The truth is, apparently, out there. Well, so says SETI, the Search for ExtraTerrestrial Intelligence. For many years, SETI has been pointing huge radio telescopes at certain portions of sky to sniff out suspect signals. It's looking for anything slightly out of the ordinary, such as alien sitcom transmissions.
The theory goes that because we've been broadcasting television for more than 40 years, the earliest transmissions of I Love Lucy and The Ed Sullivan Show have journeyed as far as 40 light years from Earth. There are thousands of stars within 40 light years of Earth, which results in the grotesque possibility that alien lifeforms could have long been following the exploits of our soap operas - goodness knows what they'll do when they learn Grant's left EastEnders. Equally, some kind of Alpha-Centurian Brookside may exist, the transmissions of which could unintentionally be winging their way to our planet.
That's where SETI comes in. Trouble is, it's got loads of data to crunch and it simply doesn't have the computers to cope. That's where you come in with your humble home PC. Desktop PC processors have grown increasingly powerful, to a point where today they'll give your scientific super-computers a run for their money - well, so long as you've got a number working together that is.
We tend to leave our PCs idle while we pop out for coffee or cigarette breaks during the day. Some of us even go home in the evenings. Imagine the neglect of the world's PCs sat around waiting for something to happen while we chat, ironically, about what happened on Coronation Street last night.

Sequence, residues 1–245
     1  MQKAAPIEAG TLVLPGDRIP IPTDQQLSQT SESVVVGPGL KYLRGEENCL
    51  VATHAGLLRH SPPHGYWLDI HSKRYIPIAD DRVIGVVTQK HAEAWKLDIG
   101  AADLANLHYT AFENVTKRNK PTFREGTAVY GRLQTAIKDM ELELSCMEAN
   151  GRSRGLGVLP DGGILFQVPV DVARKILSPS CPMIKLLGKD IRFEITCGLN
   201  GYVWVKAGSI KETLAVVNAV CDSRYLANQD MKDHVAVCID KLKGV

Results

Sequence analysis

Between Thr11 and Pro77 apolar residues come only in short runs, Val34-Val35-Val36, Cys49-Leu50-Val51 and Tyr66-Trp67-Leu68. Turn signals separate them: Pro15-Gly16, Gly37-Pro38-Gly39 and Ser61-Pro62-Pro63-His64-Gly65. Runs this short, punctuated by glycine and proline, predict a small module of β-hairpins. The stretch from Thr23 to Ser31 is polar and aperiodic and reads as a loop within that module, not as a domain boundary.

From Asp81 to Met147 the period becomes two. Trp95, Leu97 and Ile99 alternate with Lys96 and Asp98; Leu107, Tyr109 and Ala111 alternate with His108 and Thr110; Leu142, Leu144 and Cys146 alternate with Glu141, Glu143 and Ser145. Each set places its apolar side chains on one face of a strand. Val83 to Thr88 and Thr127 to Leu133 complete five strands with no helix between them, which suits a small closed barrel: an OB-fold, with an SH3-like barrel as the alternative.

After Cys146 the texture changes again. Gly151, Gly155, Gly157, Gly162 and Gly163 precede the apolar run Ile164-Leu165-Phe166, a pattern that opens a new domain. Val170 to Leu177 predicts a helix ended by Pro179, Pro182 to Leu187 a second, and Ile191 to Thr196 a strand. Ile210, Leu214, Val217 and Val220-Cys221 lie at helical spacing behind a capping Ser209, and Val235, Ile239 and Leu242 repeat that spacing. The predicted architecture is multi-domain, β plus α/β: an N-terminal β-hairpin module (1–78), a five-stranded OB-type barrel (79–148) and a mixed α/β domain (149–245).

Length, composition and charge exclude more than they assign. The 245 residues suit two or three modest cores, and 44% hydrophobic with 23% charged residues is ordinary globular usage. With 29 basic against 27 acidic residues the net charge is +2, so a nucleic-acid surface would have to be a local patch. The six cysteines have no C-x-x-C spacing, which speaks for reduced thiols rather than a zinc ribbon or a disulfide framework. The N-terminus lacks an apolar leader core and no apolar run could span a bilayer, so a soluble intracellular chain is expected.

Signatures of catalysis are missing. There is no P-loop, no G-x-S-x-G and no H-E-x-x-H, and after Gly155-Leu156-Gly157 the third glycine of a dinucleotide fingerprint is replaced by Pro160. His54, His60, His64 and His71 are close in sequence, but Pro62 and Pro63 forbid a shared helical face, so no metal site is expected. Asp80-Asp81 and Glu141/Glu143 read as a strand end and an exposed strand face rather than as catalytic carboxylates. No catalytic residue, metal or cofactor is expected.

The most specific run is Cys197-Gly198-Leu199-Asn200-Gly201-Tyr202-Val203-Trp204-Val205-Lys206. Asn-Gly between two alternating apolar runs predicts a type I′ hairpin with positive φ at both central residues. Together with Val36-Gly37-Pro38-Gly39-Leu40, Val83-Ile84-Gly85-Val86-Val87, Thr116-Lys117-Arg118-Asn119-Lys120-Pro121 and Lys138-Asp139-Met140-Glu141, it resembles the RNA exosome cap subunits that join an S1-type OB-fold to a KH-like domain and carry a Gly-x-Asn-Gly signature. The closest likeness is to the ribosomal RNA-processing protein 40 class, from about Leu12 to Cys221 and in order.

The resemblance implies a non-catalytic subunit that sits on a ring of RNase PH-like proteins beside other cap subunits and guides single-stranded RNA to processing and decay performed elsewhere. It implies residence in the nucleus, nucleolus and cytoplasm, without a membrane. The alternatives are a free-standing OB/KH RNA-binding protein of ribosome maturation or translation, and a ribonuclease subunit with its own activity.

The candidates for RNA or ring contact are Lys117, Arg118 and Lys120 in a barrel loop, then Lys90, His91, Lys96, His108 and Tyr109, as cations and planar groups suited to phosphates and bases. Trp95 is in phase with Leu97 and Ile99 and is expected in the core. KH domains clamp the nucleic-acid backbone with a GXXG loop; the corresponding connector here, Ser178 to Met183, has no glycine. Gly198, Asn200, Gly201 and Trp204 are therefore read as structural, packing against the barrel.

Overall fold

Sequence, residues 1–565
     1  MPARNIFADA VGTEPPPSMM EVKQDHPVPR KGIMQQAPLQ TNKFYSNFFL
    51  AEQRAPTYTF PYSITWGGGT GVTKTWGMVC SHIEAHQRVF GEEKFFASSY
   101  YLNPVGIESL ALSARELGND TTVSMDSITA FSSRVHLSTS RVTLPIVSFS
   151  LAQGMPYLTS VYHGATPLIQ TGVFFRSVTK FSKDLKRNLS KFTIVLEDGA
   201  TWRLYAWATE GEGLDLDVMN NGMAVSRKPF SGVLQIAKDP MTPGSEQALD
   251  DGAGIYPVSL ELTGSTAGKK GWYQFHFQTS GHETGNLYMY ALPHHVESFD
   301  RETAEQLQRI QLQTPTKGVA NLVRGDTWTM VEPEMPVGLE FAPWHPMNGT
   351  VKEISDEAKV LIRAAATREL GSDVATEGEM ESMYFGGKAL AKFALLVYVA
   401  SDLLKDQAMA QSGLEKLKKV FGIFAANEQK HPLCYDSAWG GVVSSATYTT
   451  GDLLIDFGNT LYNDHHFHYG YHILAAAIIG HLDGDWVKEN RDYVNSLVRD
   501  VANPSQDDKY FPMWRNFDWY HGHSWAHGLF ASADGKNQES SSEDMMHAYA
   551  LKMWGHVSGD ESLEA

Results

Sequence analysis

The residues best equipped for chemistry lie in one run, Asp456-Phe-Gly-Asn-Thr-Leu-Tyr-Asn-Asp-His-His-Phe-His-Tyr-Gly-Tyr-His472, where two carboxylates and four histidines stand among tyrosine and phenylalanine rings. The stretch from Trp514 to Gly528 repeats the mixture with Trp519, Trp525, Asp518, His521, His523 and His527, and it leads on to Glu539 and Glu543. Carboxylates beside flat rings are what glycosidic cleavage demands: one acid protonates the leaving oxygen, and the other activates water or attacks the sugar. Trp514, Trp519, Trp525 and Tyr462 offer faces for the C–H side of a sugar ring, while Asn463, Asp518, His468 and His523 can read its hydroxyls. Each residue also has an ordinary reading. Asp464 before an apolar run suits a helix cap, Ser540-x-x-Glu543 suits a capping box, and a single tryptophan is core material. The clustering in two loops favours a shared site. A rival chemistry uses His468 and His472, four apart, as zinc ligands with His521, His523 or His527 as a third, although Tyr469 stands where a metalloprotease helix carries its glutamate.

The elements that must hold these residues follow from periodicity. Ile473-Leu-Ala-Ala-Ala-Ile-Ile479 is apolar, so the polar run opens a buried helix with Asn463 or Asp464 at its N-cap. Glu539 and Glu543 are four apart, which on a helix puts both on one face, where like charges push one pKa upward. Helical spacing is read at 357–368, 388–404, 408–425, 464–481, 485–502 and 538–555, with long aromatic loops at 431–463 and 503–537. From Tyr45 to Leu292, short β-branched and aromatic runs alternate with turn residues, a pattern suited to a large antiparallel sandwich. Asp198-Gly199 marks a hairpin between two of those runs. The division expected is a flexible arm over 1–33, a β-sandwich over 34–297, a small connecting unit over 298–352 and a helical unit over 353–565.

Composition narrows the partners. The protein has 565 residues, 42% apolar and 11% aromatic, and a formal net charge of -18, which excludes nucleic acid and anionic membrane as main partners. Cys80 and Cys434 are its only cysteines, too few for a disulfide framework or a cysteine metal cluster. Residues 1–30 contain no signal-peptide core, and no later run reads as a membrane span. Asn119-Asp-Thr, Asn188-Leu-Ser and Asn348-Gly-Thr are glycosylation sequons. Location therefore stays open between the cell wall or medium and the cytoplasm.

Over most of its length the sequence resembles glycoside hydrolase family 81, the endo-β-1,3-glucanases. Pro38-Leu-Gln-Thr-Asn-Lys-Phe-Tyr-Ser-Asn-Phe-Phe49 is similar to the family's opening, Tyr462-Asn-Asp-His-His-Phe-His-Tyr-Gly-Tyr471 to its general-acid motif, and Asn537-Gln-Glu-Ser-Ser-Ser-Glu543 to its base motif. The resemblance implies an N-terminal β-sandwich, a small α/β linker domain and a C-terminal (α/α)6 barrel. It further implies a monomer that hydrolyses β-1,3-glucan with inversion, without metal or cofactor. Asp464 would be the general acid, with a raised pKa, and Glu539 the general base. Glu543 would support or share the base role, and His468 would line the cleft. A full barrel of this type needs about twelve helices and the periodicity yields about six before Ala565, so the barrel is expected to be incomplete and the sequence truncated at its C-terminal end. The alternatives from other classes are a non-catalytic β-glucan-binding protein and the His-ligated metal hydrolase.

As the super-systems at SETI overheated, some bright spark thought about all those bored PCs sat around the world doing nothing and set about developing something to harness this untapped potential. The result is the [email protected] project, announced almost a year ago now, but about to kick into action at the end of April.
Here comes the science: the information collected from the Aricebo radio telescope in Puerto Rico will be chopped into loads of small chunks. A different chunk is then emailed to each one of the hundred thousand or so PC users who have signed up for the project. Each chunk of data is accompanied by a small program which processes the information and emails the results back to SETI, which can then see if an alien has been spotted.
The really cunning part is that the PC only processes the data when it's not doing anything.
While it is unlikely that we'll find life out there, the [email protected] project will hopefully prove that the sheer power of a hundred thousand PCs working together on a single problem will crack it sooner than any super-computer - and it'll be cheaper too. So forget about buying a Pentium III to 'Bring the internet to Life'. Simply plug it in and walk away, content in the knowledge that all that redundant power is actually doing something useful.
Gordon Laing is a freelance IT journalist.
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